EHR data helps predict opioid use
A prediction model leveraging electronic health record data could be used to help providers identify hospitalized patients who are at highest risk of progressing to chronic opioid use after they’re discharged from the hospital.
Researchers at the University of Colorado Anschutz Medical Campus, who developed the model using patient data from the Denver Health Medical Center, say the model could be integrated into the EHR and activated in the form of an alert when a physician orders opioid medication, informing the doctor of their patient’s risk for developing chronic opioid use.
“The goal was to identify who these patients were to let providers know at the time of care that these patients are at higher risk, so they think twice before they prescribe an opioid or think about other ways to manage their pain in the hospital setting,” says Susan Calcaterra, MD, a fellow in addiction medicine at the CU School of Medicine and lead author of a study published last month in the Journal of General Internal Medicine.
Calcaterra contends that prior to the study by her and her colleagues, no prediction model had been published to identify hospitalized patients at high risk of future chronic opioid therapy (COT)—defined as either receiving a 90-day or greater supply of oral opioids with less than a 30-day gap in supply over a 180-day period, or filling 10 or more opioid prescriptions over the course of a year.
“Our model accessed EHR data to predict 79 percent of the future COT among hospitalized patients,” found the study. “Application of such a predictive model within the EHR could identify patients at high risk for future chronic opioid use to allow clinicians to provide early patient education about pain management strategies and, when able, to wean opioids prior to discharge while incorporating alternative therapies for pain into discharge planning.”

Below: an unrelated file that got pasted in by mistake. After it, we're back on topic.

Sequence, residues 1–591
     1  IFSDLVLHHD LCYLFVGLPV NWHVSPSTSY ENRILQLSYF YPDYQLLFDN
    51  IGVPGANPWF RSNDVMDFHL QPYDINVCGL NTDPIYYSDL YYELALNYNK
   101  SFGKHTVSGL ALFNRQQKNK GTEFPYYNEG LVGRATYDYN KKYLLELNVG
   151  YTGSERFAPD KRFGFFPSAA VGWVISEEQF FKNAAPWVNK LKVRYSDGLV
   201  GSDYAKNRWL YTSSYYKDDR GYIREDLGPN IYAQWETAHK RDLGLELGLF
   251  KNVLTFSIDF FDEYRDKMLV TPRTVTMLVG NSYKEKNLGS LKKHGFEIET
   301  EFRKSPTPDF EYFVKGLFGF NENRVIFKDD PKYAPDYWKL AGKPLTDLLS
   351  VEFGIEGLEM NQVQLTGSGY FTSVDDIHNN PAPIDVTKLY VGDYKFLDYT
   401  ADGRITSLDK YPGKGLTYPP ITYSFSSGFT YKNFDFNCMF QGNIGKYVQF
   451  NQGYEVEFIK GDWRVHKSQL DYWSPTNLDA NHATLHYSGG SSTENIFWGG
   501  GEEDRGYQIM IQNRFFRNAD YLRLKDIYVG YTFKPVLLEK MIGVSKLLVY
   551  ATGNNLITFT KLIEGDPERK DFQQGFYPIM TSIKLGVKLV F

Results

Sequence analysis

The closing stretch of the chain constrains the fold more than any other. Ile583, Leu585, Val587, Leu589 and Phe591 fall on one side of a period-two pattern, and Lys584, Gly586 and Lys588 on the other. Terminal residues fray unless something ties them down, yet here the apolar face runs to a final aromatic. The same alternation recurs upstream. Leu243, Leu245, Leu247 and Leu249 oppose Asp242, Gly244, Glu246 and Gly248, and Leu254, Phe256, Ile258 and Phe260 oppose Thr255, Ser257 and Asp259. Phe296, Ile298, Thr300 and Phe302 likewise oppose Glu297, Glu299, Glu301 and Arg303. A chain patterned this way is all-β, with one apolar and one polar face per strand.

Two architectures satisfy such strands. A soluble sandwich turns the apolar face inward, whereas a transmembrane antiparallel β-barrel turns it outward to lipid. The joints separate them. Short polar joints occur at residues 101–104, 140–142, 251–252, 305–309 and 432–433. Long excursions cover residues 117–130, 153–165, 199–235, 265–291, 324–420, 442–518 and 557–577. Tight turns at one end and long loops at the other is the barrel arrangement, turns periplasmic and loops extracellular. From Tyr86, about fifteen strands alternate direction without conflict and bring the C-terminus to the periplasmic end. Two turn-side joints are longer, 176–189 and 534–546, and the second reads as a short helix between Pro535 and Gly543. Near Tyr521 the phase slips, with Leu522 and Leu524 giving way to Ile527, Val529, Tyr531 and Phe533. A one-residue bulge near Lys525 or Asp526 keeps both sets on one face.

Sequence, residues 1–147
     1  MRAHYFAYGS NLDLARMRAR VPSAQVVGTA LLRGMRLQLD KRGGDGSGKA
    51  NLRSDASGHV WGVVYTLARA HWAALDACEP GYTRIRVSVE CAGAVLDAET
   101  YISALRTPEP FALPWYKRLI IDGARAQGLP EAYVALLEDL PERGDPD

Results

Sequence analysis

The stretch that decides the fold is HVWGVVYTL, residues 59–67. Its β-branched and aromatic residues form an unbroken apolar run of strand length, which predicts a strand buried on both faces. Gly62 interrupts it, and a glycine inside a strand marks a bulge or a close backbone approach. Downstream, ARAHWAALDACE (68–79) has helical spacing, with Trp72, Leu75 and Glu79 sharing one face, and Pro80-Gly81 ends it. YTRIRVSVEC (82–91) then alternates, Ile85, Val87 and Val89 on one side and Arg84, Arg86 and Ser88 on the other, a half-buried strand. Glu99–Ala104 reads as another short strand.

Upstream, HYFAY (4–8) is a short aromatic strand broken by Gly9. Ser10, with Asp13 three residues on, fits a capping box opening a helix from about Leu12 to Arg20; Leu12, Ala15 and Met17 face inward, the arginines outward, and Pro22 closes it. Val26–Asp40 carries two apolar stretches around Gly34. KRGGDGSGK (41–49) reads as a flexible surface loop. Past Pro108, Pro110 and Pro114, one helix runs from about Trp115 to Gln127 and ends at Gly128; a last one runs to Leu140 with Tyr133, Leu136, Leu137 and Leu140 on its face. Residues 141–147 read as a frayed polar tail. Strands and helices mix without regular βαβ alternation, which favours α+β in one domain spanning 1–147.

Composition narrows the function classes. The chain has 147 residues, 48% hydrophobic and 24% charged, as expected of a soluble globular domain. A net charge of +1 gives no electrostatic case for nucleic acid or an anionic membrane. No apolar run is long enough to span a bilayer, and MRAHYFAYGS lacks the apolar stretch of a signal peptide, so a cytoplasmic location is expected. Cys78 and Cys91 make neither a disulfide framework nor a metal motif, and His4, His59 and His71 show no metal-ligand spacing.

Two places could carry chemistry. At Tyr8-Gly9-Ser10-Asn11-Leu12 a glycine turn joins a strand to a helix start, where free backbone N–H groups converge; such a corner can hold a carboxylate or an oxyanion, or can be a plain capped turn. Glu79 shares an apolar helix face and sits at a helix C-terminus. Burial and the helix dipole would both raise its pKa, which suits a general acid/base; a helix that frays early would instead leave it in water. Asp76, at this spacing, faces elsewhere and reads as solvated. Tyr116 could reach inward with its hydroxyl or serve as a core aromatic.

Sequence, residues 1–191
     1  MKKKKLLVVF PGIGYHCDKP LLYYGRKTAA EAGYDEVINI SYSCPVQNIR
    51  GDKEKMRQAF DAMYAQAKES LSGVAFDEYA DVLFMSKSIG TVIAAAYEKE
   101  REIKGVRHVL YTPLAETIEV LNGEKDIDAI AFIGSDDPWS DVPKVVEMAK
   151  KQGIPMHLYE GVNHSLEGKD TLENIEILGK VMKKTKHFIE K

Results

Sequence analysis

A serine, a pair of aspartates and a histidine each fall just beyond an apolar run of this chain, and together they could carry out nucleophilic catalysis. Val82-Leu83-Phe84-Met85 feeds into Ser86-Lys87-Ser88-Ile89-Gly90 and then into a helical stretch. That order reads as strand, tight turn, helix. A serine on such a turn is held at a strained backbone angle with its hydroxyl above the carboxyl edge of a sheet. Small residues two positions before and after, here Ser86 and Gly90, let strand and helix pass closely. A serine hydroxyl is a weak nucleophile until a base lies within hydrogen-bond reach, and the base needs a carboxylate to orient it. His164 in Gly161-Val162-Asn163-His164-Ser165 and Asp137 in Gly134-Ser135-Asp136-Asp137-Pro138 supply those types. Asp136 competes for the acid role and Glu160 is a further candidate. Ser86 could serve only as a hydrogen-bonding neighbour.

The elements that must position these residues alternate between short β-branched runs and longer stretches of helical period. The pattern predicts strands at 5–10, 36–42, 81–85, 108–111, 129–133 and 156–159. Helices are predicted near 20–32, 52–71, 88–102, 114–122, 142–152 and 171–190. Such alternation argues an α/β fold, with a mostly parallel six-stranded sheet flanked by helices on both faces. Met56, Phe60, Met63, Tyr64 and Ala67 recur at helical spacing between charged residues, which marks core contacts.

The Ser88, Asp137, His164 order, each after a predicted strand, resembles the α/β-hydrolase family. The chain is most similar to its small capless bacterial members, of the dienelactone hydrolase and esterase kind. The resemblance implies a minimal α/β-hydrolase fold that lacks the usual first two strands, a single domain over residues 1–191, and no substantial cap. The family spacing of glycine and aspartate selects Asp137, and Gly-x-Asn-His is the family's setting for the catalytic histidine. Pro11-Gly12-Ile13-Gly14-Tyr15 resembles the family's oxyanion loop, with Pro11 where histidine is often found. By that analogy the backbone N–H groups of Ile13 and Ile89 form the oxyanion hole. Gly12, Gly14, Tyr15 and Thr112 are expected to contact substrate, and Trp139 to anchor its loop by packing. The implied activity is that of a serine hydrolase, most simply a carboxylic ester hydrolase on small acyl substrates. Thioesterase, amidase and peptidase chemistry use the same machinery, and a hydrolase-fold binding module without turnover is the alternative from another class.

“Hospital providers are really busy, and oftentimes, they don’t know their patients very well because it may be the first time they’ve ever met them,” adds Calcaterra. “The nice thing is that all of the data required to assess risk are available already documented in the electronic health record, and providers do not need to ask for additional information from patients.”
Researchers conducted a retrospective analysis of EHR data from 2008 to 2014 using logistic regression and identified patient-specific factors that were most associated with the progression to COT, including having a history of substance use disorder; past year receipt of a benzodiazepine; an opioid medication or a non-opioid analgesic; as well as receipt of an opioid at hospital discharge and high opioid requirements during hospitalization.
However, undergoing a surgical procedure during the hospitalization was not associated with progression to COT, according to Calcaterra.
“The purpose is to provide physicians with information to make their clinical decision,” she concludes. “We developed the model in one specific patient population, a safety net hospital. The next step would be to validate the model in a different healthcare system—which we’ll probably do at the University of Colorado, with that patient population, and see how well it does in terms of predicting people that progress to chronic opioid use.”